Black Vine Weevil
Otiorhynchus sulcatus Fabricius
The black vine weevil is a serious pest in nurseries and established landscape plantings. A native of Europe, this species was first reported in Connecticut in 1910. This key pest is the most destructive and widely distributed species of root weevils in the genus Otiorhynchus. Adults and larvae prefer rhododendron, Rhododendron spp., yew, Taxus spp., euonymus, Euonymus spp., and Japanese holly, Ilex crenata. Larvae also feed on the roots of hemlock, Tsuga spp. This pest has been recorded on more than 100 species of cultivated and wild plants. Some landscape pest managers refer to this insect as the taxus weevil.
The larval (grub) stage of this pest is white, legless, somewhat C-shaped with a brown head. Adults are slate gray to black, flightless, about 9-13 mm long, and have a short pronounced snout with elbowed antennae. Their front wings are covered with tiny concave areas and small patches of short golden hairs (Fig. 1). The strawberry root weevil, O. ovatus, closely resembles this species, but it’s only half the size of the black vine weevil.
Figure 1. Adult black vine weevil.
This pest overwinters as immature larvae in the soil. Mature larvae are 10-15 mm long and form resting (pupal) cells in the soil in early spring. Adults usually emerge from late May through June and in North America only females are known. They are active night feeders and when disturbed, adults drop quickly to the ground. During daylight hours adults hide in dark places on stems of plants with dense foliage or in leaf litter and mulch.
Adults require 21-28 days of foliage feeding prior to producing eggs. They may lay as many as 500 eggs over a period of 14-21 days. Eggs are laid in the soil near the base of host plants. They hatch in 10-14 days into small larvae that feed on roots until temperatures decrease in the fall and cause them to move deeper into the soil where they overwinter. Occasionally, some adults may survive the winter inside homes. Only one generation occurs each year in Pennsylvania.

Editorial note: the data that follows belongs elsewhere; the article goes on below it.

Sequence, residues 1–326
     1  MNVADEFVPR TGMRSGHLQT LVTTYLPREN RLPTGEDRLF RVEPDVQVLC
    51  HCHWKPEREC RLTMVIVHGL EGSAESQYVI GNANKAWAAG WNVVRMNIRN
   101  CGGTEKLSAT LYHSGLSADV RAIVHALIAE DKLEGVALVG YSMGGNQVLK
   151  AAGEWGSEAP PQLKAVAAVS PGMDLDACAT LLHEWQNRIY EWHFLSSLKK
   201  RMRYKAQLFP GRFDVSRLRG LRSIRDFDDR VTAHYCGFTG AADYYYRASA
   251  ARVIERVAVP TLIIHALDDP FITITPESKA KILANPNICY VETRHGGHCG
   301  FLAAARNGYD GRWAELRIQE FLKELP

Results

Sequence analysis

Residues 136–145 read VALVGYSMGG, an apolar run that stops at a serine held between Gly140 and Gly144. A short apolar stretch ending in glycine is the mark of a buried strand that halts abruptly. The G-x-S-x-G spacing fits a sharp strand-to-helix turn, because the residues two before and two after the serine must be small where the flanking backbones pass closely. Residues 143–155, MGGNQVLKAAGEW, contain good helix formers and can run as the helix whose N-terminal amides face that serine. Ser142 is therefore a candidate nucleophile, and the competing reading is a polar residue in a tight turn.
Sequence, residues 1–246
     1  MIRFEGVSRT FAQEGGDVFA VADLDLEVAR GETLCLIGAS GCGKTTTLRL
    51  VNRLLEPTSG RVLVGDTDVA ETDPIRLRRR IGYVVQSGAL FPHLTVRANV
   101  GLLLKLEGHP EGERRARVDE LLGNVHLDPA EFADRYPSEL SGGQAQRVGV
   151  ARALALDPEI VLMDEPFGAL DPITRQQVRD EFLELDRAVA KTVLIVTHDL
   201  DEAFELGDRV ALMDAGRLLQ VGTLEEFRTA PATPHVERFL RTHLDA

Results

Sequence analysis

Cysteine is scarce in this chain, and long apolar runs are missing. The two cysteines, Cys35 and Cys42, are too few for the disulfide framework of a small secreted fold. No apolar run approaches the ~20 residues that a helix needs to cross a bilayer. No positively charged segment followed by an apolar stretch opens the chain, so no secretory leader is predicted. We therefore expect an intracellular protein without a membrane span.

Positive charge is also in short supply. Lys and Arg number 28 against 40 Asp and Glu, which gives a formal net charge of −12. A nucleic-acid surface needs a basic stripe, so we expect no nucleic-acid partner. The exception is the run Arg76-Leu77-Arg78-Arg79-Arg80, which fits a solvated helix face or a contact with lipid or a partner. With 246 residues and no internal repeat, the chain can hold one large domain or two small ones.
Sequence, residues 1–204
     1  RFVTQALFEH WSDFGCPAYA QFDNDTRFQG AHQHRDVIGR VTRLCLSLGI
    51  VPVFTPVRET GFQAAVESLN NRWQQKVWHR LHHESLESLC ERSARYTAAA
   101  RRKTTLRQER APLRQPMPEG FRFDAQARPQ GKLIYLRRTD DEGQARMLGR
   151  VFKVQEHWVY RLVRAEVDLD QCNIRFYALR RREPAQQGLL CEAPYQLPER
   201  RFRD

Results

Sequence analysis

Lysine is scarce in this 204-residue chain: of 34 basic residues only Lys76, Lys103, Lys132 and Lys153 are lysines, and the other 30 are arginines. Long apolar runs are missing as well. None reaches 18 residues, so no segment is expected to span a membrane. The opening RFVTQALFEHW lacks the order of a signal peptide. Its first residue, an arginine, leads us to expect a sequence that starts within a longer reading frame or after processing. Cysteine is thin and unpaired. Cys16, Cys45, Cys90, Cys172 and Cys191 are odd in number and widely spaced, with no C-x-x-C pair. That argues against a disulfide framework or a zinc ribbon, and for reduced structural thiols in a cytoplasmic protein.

Injury caused by the larval stage feeding on the roots is highly destructive to plants. Feeding by larvae occurs from mid-summer through fall and in early spring. At first larvae feed on small tender roots, but in early spring, they move to the bark of large roots or the stem, sometimes completely girdling them. Damage to roots may go undetected in container-grown plants in nurseries, but infested plants that are placed in landscapes often die. Injury caused by adults is in the form of marginal notching of broadleaved evergreen foliage and other host plants. The marginal notching of the foliage seldom impacts plant health, even though it may be extensive.
To effectively manage adults, apply a registered insecticide according to label directions to host plant foliage during late May through June. Optimal timing of an application against the adult stage of this key pest may be achieved by doing the following. In early May place 6-inch by 6-inch boards on top of the mulch beneath several host plants. Pieces of burlap placed loosely around the base of a host plants may be substituted for the boards. During the middle of the day slowly turn over these boards or pieces of burlap. Note when you observe the first adult black vine weevil on the bottom of one of these monitoring surfaces. Because adults (females) need to feed on host foliage for 21-28 days before they’re able to lay eggs, the first foliar application should be made three weeks after detection of the first adult. Since adults do not emerge at the same time, a second foliar spray should be applied according to label directions three weeks after the first one. Spraying foliage in early evening may increase control because adults become active on the host foliage a few hours after sunset.
Applying registered materials according to label directions as soil drenches to container-grown plants from July to mid-October target the larval stage of this pest. The use of beneficial (entomopathogenic) nematodes applied according to label directions may be used to manage the larval stage of this pest in container-grown plants. Be sure to apply water as directed on the product label to the potted plants to be treated with these organisms.
Pesticides are poisonous. Read and follow directions and safety precautions on labels. Handle carefully and store in original labeled containers out of the reach of children, pets, and livestock. Dispose of empty containers right away, in a safe manner and place. Do not contaminate forage, streams, or ponds.
Authored by: Gregory A. Hoover, Sr. Extension Associate
Revised November 2010
Penn State College of Agricultural Sciences research, extension, and resident education programs are funded in part by Pennsylvania counties, the Commonwealth of Pennsylvania, and the U.S. Department of Agriculture.
Visit Penn State Extension on the web: http://extension.psu.edu
Where trade names appear, no discrimination is intended, and no endorsement by Penn State Cooperative Extension is implied.
This publication is available in alternative media on request.
Penn State is an equal opportunity, affirmative action employer, and is committed to providing employment opportunities to minorities, women, veterans, individuals with disabilities, and other protected groups. Nondiscrimination.
© The Pennsylvania State University 2016